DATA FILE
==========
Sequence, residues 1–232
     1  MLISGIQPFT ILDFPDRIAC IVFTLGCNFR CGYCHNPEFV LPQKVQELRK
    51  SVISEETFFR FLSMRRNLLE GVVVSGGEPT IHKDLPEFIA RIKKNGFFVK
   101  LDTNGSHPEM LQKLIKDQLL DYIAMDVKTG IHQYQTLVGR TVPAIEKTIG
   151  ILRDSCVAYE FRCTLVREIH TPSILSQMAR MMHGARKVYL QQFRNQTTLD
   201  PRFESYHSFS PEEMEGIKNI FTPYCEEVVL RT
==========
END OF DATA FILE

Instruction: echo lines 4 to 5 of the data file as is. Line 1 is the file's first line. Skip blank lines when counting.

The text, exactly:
   101  LDTNGSHPEM LQKLIKDQLL DYIAMDVKTG IHQYQTLVGR TVPAIEKTIG
   151  ILRDSCVAYE FRCTLVREIH TPSILSQMAR MMHGARKVYL QQFRNQTTLD